About KīheiOn Mā‘alaea Bay, at the north end of the swath of white sand beach that outlines Maui's southwestern coast, Kīhei is the more affordable half of the south Maui resort area; the ritzy Wailea neighborhood is down the road. South Kīhei Drive is the town's main commercial thoroughfare. The nightlife here is surpassed only by the scene up in Lahaina.
Kīhei also is the location of the state's only known Canadian-style totem pole—a monument to George Vancouver, who supposedly landed here in the early 19th century. Nearby Mai Poina ‘Oe Ia‘u Beach Park is a popular spot for whale watching December through April.
Kealia Pond National Wildlife Refuge, on SR 311 north of Kīhei, protects a 691-acre saltwater wetland, one of the few remaining in Hawai‘i. The refuge is home to endangered native water birds, and hosts migratory ducks and shorebirds August through April. It provides habitat for Hawaiian stilts, coots and herons, and the adjacent Kealia Beach is a nesting ground for the endangered hawksbill turtle. Visitors should view the turtles from afar and not disturb them.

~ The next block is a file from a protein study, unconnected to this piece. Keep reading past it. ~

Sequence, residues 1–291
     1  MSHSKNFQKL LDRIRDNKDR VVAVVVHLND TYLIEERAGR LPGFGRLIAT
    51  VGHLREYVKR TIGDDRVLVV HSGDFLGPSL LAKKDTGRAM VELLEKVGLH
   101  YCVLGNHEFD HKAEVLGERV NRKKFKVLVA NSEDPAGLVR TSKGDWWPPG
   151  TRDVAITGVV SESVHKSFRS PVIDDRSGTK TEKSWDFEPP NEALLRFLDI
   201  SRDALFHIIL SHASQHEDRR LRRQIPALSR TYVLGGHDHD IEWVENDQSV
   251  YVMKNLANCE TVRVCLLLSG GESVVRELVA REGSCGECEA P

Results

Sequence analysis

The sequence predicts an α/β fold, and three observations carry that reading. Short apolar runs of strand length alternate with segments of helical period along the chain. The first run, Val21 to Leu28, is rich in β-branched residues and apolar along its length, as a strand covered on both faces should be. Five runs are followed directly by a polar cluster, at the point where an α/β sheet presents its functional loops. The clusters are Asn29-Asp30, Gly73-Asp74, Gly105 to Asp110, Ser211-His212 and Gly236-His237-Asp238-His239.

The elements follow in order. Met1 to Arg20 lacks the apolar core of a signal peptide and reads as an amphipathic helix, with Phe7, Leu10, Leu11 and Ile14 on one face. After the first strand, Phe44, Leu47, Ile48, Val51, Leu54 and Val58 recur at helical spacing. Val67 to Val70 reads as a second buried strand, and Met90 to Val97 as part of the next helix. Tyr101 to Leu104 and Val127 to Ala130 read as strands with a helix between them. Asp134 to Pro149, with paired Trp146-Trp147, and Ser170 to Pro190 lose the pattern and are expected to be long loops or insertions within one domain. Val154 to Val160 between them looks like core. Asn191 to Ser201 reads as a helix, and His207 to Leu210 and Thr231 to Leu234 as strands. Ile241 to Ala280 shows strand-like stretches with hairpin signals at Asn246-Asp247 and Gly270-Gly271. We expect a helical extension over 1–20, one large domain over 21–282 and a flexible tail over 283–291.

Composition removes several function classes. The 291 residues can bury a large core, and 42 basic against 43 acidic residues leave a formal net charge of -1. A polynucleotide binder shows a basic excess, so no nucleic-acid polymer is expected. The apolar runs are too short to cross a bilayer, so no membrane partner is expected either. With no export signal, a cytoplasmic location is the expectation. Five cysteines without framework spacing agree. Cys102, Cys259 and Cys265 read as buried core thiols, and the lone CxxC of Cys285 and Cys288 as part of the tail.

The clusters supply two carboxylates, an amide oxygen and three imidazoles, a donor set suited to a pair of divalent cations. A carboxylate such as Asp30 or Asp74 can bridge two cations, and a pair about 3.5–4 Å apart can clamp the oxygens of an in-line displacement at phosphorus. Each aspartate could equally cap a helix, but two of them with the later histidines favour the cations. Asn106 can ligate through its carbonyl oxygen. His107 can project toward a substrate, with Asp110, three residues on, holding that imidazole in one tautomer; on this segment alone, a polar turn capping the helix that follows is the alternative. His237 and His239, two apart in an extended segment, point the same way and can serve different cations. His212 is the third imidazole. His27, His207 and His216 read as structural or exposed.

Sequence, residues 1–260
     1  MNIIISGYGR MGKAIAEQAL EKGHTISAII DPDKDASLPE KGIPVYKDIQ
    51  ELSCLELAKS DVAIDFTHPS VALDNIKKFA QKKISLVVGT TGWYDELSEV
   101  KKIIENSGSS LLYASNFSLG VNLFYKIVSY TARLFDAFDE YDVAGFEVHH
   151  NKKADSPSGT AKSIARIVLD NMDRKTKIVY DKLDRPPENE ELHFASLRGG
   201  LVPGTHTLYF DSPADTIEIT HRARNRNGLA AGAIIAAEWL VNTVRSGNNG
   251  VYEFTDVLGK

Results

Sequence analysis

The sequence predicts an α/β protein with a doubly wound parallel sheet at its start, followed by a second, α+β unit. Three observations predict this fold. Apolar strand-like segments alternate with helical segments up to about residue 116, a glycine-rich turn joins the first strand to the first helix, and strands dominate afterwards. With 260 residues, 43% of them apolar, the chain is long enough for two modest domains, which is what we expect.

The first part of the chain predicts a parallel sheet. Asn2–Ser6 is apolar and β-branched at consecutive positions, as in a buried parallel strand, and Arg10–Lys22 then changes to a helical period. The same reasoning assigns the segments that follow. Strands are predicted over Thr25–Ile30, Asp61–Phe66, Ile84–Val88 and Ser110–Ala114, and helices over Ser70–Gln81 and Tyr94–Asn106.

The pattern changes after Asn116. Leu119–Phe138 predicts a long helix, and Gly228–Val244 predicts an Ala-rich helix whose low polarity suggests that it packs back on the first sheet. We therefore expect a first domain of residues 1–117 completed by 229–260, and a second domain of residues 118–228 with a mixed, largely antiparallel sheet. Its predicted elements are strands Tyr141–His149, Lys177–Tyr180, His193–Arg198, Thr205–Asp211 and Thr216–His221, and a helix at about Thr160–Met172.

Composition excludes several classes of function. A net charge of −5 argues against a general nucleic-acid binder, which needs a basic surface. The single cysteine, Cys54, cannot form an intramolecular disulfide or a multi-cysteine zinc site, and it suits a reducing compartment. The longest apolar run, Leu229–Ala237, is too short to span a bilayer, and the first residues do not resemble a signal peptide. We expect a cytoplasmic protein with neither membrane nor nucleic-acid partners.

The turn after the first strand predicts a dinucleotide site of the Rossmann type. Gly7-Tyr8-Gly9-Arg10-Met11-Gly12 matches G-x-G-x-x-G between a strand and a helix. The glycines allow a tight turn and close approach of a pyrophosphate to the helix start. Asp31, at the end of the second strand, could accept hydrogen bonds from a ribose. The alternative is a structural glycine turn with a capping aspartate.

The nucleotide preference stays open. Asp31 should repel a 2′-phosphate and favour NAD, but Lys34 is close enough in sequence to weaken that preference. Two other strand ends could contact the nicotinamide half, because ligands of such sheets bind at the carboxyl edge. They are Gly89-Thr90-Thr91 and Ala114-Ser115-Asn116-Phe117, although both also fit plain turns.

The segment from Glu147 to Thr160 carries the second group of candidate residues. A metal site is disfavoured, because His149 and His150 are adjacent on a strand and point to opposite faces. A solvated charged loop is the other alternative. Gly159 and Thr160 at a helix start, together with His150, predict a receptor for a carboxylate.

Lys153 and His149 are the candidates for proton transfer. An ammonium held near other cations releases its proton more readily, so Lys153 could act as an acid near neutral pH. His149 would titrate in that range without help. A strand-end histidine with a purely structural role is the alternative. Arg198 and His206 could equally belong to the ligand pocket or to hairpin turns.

Within the refuge is the 2,200-foot-long Kealia Coastal Boardwalk, which offers in-depth learning opportunities via observation and interpretive exhibits; phone (808) 875-1582.
AAA’s in-person hotel evaluations are unscheduled to ensure the inspector has an experience similar to that of members. To pass inspection, all hotels must meet the same rigorous standards for cleanliness, comfort and hospitality. These hotels receive a AAA Diamond designation that tells members what type of experience to expect.